A group of local investors calling itself the Baseball Club of Tacoma has entered a preliminary letter of intent to begin negotiations to buy the Tacoma Rainiers from the team’s current principal owners, SDL Baseball Partners.
The Baseball Club of Tacoma was being led by Tacoma native and Curtis grad Mikal Thomsen.
Thomsen met with Mayor Marilyn Strickland, City Manager Eric Anderson, Strickland and the Rainiers management team on Monday to talk about the prospective purchase, Strickland said.
“The first question I asked was, ” “Do you have any intention of moving the team out of Tacoma?” she said. The immediate answer was ” ‘No, we don’t,’ ” she added.
Mike Combs, the city’s public assembly facilities director who oversees the stadium, said he’s pleased over the possible purchase.
“Local ownership is always a positive,” he said. “I’m just excited that a local group sees the value of the team in our area. It’s always great to have local flair.”
The name of the group – Baseball Club of Tacoma – “says a lot,” Combs observed.
He stressed, though, that the city’s had a positive relationship with the current Dallas-based owners, Bob and Kirby Schlegel. “If it goes forward, I’m going to miss Kirby and Bob,” he added.
A sale would not affect the renovation of Cheney Stadium, Combs said. Lease agreements would be transferred in any transaction.
Combs said the city tried to get local ownership when the team was for sale by George Foster, who ended up selling the team to the Schlegels in November of 2006, but no one came forward. Combs believes the aging infrastructure of Cheney Stadium played a role in that.
Work on the “new” Cheney Stadium is due for “substantial” completion April 1 – two weeks before opening day – Combs said.
Thomsen, a Washington State grad, is co-founder of Trilogy Equity Partners, an investment group based in Bellevue. Thomsen has extensive experience in telecommunications – serving as the president and before that chief operating officer of Western Wireless Communications.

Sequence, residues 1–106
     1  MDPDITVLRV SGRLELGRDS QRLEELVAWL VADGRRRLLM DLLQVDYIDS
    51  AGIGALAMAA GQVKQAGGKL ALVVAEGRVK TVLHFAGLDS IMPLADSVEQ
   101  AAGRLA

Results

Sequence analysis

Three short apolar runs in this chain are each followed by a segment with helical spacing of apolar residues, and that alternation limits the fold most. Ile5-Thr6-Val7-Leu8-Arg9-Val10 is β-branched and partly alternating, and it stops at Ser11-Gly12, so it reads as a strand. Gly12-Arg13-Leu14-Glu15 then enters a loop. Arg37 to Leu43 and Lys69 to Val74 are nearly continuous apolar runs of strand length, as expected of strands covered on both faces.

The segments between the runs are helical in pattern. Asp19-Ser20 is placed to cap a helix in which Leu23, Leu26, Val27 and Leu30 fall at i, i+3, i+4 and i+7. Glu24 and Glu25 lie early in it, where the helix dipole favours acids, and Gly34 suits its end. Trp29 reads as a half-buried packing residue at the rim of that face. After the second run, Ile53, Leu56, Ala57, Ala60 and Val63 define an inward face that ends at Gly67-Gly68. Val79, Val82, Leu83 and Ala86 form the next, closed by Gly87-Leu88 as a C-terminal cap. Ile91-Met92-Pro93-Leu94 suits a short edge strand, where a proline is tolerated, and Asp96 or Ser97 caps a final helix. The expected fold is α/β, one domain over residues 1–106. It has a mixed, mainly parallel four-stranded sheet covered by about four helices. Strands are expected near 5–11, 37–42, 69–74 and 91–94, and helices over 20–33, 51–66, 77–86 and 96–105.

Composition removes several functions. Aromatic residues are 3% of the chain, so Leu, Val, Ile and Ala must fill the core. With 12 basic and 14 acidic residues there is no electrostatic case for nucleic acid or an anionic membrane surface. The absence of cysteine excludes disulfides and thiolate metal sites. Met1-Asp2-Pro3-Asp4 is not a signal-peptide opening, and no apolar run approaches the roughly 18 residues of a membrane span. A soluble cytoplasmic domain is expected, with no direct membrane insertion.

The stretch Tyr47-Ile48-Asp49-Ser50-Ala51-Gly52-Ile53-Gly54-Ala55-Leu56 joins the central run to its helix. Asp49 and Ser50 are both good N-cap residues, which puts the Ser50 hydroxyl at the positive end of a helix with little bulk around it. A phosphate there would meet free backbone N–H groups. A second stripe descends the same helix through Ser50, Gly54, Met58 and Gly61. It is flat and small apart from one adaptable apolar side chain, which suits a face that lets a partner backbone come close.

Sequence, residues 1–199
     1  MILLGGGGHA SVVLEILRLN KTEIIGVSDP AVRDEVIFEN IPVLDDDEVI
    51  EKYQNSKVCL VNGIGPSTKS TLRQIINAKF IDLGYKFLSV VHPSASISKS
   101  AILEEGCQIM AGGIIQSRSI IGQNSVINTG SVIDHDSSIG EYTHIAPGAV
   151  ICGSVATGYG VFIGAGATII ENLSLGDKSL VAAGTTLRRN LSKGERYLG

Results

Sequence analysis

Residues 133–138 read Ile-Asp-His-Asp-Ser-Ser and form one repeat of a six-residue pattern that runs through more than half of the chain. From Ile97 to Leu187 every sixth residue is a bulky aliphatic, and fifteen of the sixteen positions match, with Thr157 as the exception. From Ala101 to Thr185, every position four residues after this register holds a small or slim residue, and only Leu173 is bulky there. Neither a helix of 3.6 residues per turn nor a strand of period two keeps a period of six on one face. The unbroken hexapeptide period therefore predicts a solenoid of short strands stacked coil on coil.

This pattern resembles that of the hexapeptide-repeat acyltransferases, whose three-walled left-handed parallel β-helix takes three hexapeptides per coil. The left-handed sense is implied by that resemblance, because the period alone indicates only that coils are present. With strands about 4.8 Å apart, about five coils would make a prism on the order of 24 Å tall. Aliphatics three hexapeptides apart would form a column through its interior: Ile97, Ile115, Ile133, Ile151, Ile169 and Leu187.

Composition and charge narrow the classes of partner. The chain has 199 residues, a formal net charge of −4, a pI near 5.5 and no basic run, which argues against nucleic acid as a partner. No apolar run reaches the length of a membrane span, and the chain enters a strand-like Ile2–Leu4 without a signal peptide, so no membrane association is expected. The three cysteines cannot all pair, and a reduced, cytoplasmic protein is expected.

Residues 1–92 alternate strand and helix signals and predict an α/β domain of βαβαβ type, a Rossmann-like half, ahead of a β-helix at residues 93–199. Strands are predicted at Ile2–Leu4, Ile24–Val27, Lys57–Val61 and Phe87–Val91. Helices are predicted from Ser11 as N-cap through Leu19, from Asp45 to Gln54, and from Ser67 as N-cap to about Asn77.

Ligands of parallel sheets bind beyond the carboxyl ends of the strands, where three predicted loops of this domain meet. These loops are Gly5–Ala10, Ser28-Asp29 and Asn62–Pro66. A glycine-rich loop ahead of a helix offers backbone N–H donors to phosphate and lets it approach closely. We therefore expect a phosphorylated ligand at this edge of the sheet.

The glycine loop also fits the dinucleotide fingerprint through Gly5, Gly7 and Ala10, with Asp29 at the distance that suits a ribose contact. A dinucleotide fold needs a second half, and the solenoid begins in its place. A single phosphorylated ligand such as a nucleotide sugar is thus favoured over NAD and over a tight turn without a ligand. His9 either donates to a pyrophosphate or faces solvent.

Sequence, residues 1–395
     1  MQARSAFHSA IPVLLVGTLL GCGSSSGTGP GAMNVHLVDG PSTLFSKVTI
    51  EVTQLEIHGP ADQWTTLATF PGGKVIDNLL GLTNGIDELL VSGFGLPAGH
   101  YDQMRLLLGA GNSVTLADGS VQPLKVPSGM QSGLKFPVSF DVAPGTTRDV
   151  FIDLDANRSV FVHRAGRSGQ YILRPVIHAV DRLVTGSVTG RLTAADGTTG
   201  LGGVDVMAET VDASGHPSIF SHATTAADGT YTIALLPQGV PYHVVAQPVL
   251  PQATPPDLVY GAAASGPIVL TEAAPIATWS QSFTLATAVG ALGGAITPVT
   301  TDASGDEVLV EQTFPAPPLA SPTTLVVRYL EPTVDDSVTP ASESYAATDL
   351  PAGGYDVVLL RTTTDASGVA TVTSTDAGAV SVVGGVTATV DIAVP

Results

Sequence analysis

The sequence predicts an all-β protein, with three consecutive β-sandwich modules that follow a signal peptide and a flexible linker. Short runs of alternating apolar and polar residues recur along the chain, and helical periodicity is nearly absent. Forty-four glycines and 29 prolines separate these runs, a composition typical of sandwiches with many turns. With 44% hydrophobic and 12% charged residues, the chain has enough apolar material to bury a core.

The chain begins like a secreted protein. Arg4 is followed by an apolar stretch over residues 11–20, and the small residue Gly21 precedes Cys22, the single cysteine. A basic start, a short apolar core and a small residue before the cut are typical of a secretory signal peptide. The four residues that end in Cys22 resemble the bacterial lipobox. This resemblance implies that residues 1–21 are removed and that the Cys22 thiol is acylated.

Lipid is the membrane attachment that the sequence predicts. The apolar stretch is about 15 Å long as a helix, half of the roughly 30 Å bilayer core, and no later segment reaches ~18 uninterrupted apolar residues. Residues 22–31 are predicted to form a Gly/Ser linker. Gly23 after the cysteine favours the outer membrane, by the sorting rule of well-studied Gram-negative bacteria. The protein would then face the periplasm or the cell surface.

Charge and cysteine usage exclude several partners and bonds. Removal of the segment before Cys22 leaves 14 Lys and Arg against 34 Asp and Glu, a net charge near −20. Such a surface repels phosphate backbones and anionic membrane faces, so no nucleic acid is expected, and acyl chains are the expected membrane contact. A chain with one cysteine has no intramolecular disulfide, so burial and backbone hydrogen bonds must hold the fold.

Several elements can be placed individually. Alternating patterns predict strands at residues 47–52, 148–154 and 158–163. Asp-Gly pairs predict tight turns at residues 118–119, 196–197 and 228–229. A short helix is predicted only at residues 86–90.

One of his fellow co-founders at Trilogy is John Stanton, who founded Western Wireless and also is a member of the Baseball Club of Seattle – the minority owners of the Seattle Mariners.
Thomsen and Stanton also were part of the Basketball Club of Seattle, LLC, the former SuperSonics ownership group.
Thomsen still has several ties to the Tacoma area and serves as a member of the executive board of the Tacoma Glass Museum.
This would not be Thomsen’s first foray into baseball. In 2009, he and Stanton, Stanton’s wife Theresa Gillespie, Peter Van Oppen, Greg Shaw and former Mariner Jeff Cirillo bought the expansion Walla Walla Sweets franchise that participates in the West Coast League – a summer amateur league for top college players.
Submitting a preliminary letter of intent triggers a mechanism in the Pacific Coast League requiring that prospective owners submit a preliminary application review, said Branch Rickey, PCL commissioner.
This preliminary application review – PAR – places a burden on the buyer to come forward to have a review by the league of the deal points, the complexion of the ownership and ownership projections and resources, Rickey said, adding that the Baseball Club of Tacoma has not yet submitted a PAR.
“But I expect it in very short order,” Rickey said.
Rickey labeled the talks “preliminary,” but when asked how often a prospective ownership group gets to the point of submitting a PAR and then doesn’t acquire a franchise, he responded, “rarely.”
“It’s happened on occasion,” Rickey said. “The circumstances when they happen would have conditions that aren’t present here.”
City leaders, who last year OK’d a $26.5 million renovation of the ballpark, are ecstatic.
“It’s the best thing that could happen to the team,” Mayor Strickland said. “The Rainiers have a loyal fan base. Tacoma has really stood behind this team.”
- Staff writer Kris Sherman contributed to this post